Knowing How to Find a Mentor Can Be the Key to Finding Your Way in Tech
If you want to know how to move your information technology career forward, you need to know how to find a mentor. Your high-tech career is a long journey. As you advance, you’ll encounter twists and turns, roadblocks and pitfalls, forks in the road, and roads you didn’t even know existed. Having an experienced guide who can help you navigate these uncharted waters can be the key to keeping you on the right course in the tech industry.
While some technology companies have formal mentoring programs in which they pair a more seasoned pro with someone just starting out, many new IT professionals will need to figure out how to find a mentor on their own. Your search may include connecting with a mentor at your current company, but you shouldn’t necessarily limit your efforts to your workplace.
Wherever and however you hook up with a mentor, that individual should be experienced, available, empathetic, open, and enthusiastic about helping you. Here are some helpful tips on how to find a mentor who will help you find your way in an ever-changing technology landscape.
Do What Comes Naturally
In your current tech role, there may be someone you work with or for whom you use as your go-to person when you have a question or need guidance. There may be a certain team member you turn to for coding help, or perhaps a senior developer who’s always receptive when you knock on their door looking for advice.
These organic relationships often evolve into a mentorship dynamic, even if neither you nor the other person formally recognizes it as such. In addition to providing general or technical guidance, an in-house mentor can offer you unique insights about your workplace, its culture, and the interpersonal dynamics that play a role in your trajectory at the company.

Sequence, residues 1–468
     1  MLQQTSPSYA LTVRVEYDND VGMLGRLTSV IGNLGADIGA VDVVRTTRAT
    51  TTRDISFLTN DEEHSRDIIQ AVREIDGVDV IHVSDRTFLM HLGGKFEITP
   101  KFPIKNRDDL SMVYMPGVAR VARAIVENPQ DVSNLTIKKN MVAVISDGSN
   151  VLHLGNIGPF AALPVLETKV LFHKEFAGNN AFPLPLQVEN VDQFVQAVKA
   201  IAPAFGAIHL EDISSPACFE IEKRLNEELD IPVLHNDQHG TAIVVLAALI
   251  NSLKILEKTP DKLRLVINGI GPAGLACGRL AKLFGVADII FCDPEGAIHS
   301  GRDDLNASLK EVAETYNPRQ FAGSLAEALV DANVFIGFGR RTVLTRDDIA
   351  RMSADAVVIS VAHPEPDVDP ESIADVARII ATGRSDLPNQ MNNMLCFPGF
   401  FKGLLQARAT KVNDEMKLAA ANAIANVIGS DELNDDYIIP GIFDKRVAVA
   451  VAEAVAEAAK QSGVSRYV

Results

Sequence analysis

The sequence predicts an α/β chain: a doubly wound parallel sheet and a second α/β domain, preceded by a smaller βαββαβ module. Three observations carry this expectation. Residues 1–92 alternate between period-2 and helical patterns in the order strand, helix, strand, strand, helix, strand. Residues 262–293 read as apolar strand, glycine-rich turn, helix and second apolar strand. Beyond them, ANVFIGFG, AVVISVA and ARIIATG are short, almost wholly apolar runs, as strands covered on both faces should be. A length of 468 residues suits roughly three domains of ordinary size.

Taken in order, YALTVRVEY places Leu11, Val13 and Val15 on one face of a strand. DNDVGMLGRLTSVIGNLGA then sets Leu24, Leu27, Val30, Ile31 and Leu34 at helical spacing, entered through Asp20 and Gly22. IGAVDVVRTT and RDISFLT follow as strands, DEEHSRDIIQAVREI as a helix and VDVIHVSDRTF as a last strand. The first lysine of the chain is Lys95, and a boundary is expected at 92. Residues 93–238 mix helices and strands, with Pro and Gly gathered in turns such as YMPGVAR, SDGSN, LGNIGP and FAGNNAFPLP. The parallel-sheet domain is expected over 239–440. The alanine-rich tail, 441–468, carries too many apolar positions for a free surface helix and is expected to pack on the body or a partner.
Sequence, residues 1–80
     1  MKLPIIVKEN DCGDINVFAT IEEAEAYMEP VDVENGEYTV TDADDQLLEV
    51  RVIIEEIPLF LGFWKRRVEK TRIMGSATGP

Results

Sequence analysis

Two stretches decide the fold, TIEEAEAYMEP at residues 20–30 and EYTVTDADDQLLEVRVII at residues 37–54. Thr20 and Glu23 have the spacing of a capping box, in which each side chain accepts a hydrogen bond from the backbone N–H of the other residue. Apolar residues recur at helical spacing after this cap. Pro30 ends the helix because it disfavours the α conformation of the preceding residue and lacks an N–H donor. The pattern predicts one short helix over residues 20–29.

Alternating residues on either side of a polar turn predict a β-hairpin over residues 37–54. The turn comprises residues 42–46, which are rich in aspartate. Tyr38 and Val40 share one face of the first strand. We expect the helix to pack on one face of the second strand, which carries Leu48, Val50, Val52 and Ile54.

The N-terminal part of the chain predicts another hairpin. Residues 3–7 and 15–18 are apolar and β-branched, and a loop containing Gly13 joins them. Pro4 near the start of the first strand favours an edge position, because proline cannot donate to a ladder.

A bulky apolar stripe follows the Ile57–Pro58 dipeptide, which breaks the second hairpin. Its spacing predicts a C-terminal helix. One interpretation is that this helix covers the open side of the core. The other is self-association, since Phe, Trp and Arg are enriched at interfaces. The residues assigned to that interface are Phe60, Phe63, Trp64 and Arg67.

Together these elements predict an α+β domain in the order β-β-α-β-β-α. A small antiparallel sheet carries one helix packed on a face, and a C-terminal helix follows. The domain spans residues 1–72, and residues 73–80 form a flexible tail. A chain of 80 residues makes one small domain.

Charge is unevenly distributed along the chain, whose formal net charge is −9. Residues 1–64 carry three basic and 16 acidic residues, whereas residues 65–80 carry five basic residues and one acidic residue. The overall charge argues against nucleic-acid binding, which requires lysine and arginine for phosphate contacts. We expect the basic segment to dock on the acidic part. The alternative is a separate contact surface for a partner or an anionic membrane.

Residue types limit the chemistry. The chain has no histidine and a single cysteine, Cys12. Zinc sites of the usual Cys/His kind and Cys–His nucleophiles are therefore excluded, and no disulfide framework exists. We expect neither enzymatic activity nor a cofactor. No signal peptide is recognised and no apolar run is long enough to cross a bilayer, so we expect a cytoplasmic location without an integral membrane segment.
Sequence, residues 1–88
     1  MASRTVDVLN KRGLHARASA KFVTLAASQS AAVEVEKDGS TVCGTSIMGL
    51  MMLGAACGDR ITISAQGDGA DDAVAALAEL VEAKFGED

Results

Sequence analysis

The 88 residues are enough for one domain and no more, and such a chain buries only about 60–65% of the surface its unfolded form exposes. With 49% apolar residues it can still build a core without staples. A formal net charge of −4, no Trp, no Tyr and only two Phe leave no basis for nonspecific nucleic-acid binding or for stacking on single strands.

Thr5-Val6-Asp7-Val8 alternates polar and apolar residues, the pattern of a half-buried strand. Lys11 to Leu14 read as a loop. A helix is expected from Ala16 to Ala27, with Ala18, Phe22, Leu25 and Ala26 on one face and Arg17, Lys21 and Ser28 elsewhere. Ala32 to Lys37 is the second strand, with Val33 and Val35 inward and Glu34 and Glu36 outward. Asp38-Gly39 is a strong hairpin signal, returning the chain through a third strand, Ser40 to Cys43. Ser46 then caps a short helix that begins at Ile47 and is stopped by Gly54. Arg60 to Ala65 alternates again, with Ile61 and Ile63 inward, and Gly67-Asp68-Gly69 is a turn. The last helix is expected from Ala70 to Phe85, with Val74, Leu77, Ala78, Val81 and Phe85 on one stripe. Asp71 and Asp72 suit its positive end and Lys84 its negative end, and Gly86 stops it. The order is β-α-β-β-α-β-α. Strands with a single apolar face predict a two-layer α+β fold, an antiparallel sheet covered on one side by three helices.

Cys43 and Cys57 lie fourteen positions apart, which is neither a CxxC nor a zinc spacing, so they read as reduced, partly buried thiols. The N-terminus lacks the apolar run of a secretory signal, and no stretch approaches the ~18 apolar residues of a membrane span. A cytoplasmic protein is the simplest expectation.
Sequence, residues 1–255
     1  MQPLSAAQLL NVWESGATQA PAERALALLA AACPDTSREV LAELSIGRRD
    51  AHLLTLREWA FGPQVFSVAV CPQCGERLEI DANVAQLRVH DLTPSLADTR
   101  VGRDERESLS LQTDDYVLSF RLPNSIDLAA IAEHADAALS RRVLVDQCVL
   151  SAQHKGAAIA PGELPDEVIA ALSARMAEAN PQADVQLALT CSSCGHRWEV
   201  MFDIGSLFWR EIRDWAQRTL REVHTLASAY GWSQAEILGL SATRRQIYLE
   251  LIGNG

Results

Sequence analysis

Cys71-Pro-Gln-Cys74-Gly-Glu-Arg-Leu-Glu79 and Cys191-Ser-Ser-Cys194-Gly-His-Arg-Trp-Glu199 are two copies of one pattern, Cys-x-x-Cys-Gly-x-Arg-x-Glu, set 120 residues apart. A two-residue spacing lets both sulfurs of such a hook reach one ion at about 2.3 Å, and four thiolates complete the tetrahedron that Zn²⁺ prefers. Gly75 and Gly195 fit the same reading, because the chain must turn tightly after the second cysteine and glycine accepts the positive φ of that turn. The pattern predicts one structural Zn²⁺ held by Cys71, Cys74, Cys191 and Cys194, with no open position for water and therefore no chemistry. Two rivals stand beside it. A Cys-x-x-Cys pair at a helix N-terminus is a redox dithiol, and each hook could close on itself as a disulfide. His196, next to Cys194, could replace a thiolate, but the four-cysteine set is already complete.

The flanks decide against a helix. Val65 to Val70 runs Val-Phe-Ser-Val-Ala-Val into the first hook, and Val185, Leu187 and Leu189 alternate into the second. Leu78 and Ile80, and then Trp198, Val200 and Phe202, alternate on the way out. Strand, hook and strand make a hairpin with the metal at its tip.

But in addition to a mentor in your office, there may be issues or concerns that you’re not comfortable raising with a direct supervisor or colleague. Similarly, you may be looking to expand your skill sets and network beyond what an in-house mentor can offer. These common roadblocks prove why you need to broaden your horizons and look elsewhere for a mentor.
Network Like You Know How Important Networking Is
We don’t have to tell you how critical networking is when it comes to finding new opportunities or growing your circle of relationships in the tech industry. But networking also provides a great way to locate potential mentors.
Stay in touch with college friends and other pals in tech and ask them if they know of any good mentor candidates. Go to tech talks and seminars and mingle with your fellow IT pros. If a speaker is particularly impressive, stick around and introduce yourself. Arrange for informational interviews with people whose career paths reflect what you would like to see happen in your own career. Any of these folks could wind up being a perfect mentor.
Style and Substance
A good mentor needs to know their stuff, to be sure. But a person could be the best in their field, a technical genius, a renowned thought leader, and still be a horrible mentor. In college, all of us had at least one professor who was absolutely brilliant in their field but couldn’t actually teach to save their life.
The mentor you want needs to be able to share their knowledge effectively. They also should be someone whose style and approach you find appealing or wish to emulate. Try to find a mentor who shares your values and interests, both inside the tech industry and in their other endeavors. The mentor-mentee relationship is one that combines the professional with the personal. Don’t discount the importance of the latter when it comes to selecting a mentor.
Keep Things Casual
Very few tech professionals become mentors at first sight. Explicitly asking someone to be your mentor at your first meeting is like asking someone to marry you on a first date. That doesn’t mean you can’t ask your potential mentor questions or explore how they may be a good fit. But let things progress casually. Establish trust and a comfort level and build upon that.
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